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Leaders Change Seasons

Leaders Change Seasons

Leadership Spokane is committed to the truism that leaders always learn. This week, as a tremendous autumn settles upon our region, I am reminded of the adage “To everything there is a season.” As is the case with Mother Nature, leaders too need to understand that change is constant and keeping it in fifth gear is not always the wisest choice. Spokane has four distinct seasons and as our autumn foliage turns a brilliant gold, we know we are well into fall. Even in tropical climes, Mother Nature ebbs and flows blooming flowers at different times of the year. Rest and recuperation leads to enhanced growth.
Leaders too should follow Mother Nature’s lead and change gears over a year. The human experience is not a constant unlike the machines we control. Leaders understanding this truism is fruitful for maintaining good forward progress in their organization. Kevin Eikenberry in his September 2013 Blog “The Seasons of Leadership” summarizes the historical significance of the seasons. Winter is a time of dormancy and rest, a time to replenish stores. For organizations, it is not a time to go to sleep and hibernate. Rather leaders should use the colder months of the year to finish projects, to assess strategic plans and to recharge batteries. The winter holidays are an opportunity to give time to employees to relax and spend time with family. The new year is another major milestone for leaders and followers alike to establish resolutions and reflect on a year gone by.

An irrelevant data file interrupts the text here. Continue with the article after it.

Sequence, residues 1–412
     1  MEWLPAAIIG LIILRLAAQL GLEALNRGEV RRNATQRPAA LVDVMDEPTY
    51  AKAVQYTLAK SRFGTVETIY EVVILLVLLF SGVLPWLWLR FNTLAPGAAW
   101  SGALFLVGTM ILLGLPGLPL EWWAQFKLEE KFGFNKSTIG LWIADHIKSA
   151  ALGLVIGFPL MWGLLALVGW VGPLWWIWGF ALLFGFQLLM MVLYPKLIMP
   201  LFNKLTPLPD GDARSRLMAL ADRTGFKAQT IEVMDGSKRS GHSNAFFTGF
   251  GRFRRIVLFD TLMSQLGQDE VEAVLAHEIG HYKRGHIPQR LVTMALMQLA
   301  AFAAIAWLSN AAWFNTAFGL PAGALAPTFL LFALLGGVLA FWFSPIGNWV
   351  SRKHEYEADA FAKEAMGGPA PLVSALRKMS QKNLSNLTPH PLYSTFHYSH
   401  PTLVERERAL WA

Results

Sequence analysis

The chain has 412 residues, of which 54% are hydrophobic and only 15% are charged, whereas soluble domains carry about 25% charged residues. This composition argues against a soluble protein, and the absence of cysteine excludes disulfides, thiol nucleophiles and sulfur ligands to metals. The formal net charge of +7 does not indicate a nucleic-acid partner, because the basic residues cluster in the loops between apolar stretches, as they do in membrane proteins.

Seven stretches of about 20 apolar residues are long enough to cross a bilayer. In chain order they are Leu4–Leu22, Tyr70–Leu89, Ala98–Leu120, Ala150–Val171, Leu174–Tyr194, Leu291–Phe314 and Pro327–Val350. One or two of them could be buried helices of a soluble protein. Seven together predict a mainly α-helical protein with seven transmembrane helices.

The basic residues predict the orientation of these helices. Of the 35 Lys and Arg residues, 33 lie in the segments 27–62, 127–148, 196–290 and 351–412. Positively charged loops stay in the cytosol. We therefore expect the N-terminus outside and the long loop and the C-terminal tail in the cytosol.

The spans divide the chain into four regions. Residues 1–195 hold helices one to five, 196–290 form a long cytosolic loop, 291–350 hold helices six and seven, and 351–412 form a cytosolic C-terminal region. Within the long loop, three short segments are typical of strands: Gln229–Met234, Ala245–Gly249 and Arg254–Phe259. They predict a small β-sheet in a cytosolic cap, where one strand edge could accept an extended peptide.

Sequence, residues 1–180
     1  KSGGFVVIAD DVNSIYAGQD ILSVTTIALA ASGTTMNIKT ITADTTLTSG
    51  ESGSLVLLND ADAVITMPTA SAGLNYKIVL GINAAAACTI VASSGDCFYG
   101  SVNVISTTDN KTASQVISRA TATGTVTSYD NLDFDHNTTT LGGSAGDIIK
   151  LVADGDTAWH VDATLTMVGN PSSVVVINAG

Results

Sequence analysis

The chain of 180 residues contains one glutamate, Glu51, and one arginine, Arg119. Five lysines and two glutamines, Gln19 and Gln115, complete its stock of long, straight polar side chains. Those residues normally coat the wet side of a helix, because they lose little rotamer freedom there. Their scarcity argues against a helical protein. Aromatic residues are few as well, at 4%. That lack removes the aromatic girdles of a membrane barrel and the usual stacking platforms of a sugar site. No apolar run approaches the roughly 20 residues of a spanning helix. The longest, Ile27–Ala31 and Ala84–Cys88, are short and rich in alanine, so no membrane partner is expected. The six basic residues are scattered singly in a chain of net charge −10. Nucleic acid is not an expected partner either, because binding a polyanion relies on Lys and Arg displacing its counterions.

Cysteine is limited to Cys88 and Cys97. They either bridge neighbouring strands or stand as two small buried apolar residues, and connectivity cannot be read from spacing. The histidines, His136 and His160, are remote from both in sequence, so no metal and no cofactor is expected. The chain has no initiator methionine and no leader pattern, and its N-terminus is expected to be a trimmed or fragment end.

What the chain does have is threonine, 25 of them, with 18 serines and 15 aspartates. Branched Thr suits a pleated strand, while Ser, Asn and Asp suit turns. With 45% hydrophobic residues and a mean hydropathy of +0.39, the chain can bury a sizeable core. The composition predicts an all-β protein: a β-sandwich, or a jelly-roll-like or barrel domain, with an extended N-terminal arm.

Spring is a magnificent time for Mother Nature and organizations alike as rising temperatures signal a time of growth and new energy. Organizations use spring to implement plans agreed upon in the winter. A leader’s primary focus should be to harness the renewal within the organization and channeling the positive growth. This continues into the summer when excellent weather is a time to capitalize on strengths and keep forward momentum going. Summer is also a time for followers to take vacations and refresh perspectives and optimism. Sunny days is not just a euphemism; it is a perspective leaders should leverage into their organizations.
Summer turns into fall and leaders use the cooling temperatures to harvest the hard work of the spring and summer. Autumn in many parts of the country is a relaxed time with pleasant weather where leaders can use the time to downshift into winter. This excellent autumn, leaders should reflect on their year and ensure that “row, row, row” is not the only direction for the team. Changing seasons, periods of extra light and extra dark, gives us all a time to move at different speeds. Since we are not machines, varying our tempo refreshes and in the long run improves productivity. John Rampton in his Inc. article “Increasing Productivity at Work” points out that breaks are needed to keep a constant level of performance. Effective leaders understand this and know they must quietly change their seasons.

“You cannot change the seasons, but you can change yourself.” ~Jim Rohn